Monday afternoon we were set and ready to go. I was with Ryan and Jim was with Jen. They also had several other guides in camp, Darren Hurlburt aka Kudzu, Preacher, and Mr. Shepard, Ryan’s Dad. Each guide had between 3 and 4 hunters and they lease thousand of acres of hunting property so there is no over hunting an area. Each guide has a certain area for their hunters.
Ryan dropped me off at my ground blind and I loved the location. All their ground blinds are natural brushed in blinds around a dead fall or a thick stand of trees. My blind was 20 yards from the bait slightly up hill. It was in thick timber and was perfect for a bow hunter. I quickly got set up and settled in and was ready for an evening of up close and personal encounters with Mr. Black Bear.
I leaned my Mathews Z-7 Magnum up against the log that was in front of me, loaded a 100grain Muzzy M-X 3 tipped Carbon Express Maxima Hunter on the string and set the QAD Ultra-Rest in the capture position. All I had to do was slowly raise it up to be ready to shoot.
As the afternoon wore on it began to sprinkle the rain, not a problem, I am the Gore-Tex queen and was ready for whatever Mother Nature had to offer. Well she had a lot to offer; the rain got harder and then was all but a down pour.
Ryan told us on the first night to stay in your stand or blind they would come back in and get you. They would not come early unless you radioed in that you wanted them to in the case of rain. If there was lightening they would get everyone out ASAP. This was only a rain event and I had no problem with staying.
When it started getting dark all was well until, over the pouring rain, I kept hearing something that sounded like growling. I was sure it was my imagination but I unzipped my pack and was going to get my pistol out just in case. It was well past seeing the pins on my bow and in Maine you can carry a side arm for protection, which I always do.
When I reached in my pack for my pistol there was a problem, it wasn’t there. My pistol was in the truck back at the lodge, I had forgot to put it in my pack. Over the pounding rain the growling got louder so I unzipped the back pocket on my pack and pulled out my Outdoor Edge Kodi Skinner knife, which I never leave home without and my flashlight.
Not only did the growling get louder but it was getting closer. The growl was low and guttural, I thought it was a sow bear. I did not want to turn on my light if I didn’t have to, but it was too dark to see and the rain was deafening. I stood there straining my eyes to try to see what was making the noise and I finally spotted movement. There was a huge raccoon about 8 feet from me in front of the blind and there was something in front of him that was growling. The coon wanted no part of it but I could not make it out. It was not a bear.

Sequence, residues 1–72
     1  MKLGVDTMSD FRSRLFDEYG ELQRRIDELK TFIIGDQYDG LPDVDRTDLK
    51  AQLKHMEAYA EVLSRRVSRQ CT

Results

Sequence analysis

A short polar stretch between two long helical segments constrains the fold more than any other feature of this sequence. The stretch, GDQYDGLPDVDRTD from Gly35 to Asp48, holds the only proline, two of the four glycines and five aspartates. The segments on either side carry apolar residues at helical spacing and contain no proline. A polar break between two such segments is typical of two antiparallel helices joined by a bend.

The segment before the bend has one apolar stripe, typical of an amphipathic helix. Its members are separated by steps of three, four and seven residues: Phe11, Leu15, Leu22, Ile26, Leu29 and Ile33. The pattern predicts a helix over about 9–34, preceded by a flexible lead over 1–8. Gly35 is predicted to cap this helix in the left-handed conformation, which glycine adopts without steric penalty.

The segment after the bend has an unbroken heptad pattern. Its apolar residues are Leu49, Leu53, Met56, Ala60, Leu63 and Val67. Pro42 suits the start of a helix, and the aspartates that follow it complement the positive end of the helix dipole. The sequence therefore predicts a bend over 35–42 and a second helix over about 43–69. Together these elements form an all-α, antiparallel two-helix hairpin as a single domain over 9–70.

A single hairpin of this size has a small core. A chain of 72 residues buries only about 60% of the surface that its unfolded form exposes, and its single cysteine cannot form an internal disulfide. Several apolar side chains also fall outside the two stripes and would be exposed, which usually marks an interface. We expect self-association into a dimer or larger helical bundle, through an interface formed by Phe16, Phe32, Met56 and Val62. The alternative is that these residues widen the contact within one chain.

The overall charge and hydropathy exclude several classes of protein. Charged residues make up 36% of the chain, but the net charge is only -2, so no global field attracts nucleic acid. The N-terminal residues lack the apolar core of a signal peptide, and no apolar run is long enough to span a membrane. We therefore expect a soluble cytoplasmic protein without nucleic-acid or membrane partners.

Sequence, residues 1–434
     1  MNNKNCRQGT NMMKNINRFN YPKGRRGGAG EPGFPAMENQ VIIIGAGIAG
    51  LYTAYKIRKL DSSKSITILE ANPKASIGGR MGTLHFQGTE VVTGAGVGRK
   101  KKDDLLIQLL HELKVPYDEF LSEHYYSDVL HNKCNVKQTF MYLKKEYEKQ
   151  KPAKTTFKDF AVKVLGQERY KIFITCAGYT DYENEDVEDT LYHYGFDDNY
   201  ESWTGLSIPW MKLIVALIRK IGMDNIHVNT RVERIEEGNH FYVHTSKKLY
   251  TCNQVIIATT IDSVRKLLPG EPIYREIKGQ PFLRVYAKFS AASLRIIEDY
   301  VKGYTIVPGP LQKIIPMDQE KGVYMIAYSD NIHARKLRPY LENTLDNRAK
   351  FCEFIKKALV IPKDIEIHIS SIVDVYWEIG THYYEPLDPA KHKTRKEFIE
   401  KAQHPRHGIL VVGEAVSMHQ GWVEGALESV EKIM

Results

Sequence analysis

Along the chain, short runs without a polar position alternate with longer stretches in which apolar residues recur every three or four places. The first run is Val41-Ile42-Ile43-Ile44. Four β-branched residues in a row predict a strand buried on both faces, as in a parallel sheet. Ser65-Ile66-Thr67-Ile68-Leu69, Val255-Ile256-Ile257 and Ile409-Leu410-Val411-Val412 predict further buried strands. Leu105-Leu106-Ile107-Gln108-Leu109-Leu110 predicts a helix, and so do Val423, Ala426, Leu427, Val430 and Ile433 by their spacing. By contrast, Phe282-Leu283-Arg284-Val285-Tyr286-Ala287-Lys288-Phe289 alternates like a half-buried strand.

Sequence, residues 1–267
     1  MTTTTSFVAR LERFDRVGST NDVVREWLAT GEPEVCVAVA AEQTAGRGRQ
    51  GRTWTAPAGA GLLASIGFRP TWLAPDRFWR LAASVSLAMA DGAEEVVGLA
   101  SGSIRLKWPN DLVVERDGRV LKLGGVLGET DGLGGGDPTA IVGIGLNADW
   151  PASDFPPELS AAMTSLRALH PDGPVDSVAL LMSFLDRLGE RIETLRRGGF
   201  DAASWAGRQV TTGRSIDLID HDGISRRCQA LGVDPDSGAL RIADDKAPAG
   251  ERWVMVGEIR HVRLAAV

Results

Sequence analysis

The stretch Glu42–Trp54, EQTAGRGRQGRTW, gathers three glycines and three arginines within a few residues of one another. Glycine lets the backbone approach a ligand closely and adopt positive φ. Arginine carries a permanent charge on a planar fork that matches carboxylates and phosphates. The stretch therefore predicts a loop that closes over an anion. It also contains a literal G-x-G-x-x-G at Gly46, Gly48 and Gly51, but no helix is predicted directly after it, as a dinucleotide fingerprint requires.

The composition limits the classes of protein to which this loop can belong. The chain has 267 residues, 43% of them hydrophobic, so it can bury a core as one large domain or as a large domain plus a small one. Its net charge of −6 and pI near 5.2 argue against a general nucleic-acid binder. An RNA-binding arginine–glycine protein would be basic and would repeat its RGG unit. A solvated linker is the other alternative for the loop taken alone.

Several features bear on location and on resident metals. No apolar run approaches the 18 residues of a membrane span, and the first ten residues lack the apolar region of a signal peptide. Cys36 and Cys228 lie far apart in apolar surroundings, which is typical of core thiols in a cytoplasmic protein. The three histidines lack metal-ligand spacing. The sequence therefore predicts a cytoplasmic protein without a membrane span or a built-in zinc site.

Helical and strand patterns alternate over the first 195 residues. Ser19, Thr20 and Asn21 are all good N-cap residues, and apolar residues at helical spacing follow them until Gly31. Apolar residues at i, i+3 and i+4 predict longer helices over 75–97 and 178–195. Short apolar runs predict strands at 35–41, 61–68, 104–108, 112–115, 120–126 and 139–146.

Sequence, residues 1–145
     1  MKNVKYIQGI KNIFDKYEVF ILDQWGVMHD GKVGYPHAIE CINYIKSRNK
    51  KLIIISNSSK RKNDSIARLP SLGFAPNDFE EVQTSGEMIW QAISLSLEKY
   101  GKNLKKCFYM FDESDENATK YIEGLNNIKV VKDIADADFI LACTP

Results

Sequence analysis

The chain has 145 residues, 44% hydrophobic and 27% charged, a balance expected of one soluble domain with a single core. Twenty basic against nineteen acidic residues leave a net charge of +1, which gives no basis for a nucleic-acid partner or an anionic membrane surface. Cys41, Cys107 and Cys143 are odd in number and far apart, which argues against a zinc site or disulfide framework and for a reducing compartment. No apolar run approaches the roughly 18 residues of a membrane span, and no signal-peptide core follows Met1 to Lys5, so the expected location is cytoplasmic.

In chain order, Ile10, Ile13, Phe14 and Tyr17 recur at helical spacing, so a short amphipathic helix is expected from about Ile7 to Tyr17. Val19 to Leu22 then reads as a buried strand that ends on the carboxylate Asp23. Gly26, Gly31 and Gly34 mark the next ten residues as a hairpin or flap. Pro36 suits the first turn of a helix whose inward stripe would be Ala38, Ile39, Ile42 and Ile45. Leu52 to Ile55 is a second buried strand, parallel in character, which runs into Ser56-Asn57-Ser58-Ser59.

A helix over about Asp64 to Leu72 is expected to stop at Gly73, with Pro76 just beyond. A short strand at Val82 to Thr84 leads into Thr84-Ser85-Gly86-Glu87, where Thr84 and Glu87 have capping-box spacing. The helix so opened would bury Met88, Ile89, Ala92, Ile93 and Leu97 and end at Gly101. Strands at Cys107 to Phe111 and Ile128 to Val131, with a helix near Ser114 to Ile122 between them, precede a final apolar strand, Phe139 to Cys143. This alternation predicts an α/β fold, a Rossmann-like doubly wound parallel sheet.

I watched as the dance continued and finally the growling beast moved and I could make out a shape, it was a huge fisher cat. I would have never believed a sound like that would come out of that size of animal. They continued their bob and weave as they slowly worked their way up the right side of my blind and then kept going until they were out of hearing distance. After it was all over I had to chuckle at myself. There I stood flashlight in one hand my trusty knife in the other. I had made up my mind if they came in the blind walking they would leave limping.
Ryan came and got me not long after that. He had already retrieved the other 3 hunters that were with us. No one had any luck that night but they all enjoyed my evening’s excitement. The hunters told me I was crazy for wanting to sit in a ground blind, maybe so but I think it’s way to cool to be that close.
Tuesday was a great day. The highs were in the 50’s and the bears were up moving. I was back in my ground blind and had a nice 200lb bear come in. He was a little spooky and put on a real show. The only problem was he did not offer me a shot. He stayed about 10 minutes, climbed a tree and rolled around on the ground but never would commit to the bait. He finally ran off through the woods and never came back. I was hoping there was a bigger bear in there and that was why he was so nervous but nothing else ever showed itself.
Wednesday the highs were in the lower 60’s with a gentle rain. I was still hunting my ground blind which had a great canopy so I did not get wet at all. The wind was perfect every day in the blind. I am a firm believer in Wildlife Research Center Scent Killer Products so being at 20 yards on the ground I was not worried about scent either. No bear were harvested today but the experience of being out in the middle of nowhere is a thrill within itself.
Thursday is move day. You hunt where you draw the first three days and then after talking with the guide’s everyday they decided where to put you for the next three days. It’s still up to you whether you want to hunt a ground blind or tree stand but they learn how you hunt over the first three days and put you where they think you will be successful.
Ryan, being my guide had two places picked out for me, one was an established ground blind that had been successful in the past and one was a new site that they had started five weeks prior, no one had hunted this area before. This is where he decided I needed to be.
It was a very remote area in very dark timber. He told me I would be the first hunter to lose light. Ryan suggested that I take my rifle just in case. So I took both my Mathews Z-7 Magnum and “The Precious” which is my 25-06 Thompson Center Encore Pro Hunter so if I did lose light with my bow I might still have an opportunity with my rifle. I have learned over the years that when you travel that far from home and you are on a guided hunt you have to trust your guide. I have also learned that even though I am a bow hunter that if it comes down to the last few days and you have an opportunity to hunt with either rifle or bow you increase your odds of going home with meat. In this economy it is much easier to make a connection than go home empty handed.
Next up: Lobstah and Beah – Part 2
Mathews Danner Boot Manzella Gloves
Real Tree Camo Leupold Optics Limbsaver
Tru-Ball QAD Ultra Rest Carbon Express Arrows
Sure-Loc Muzzy Products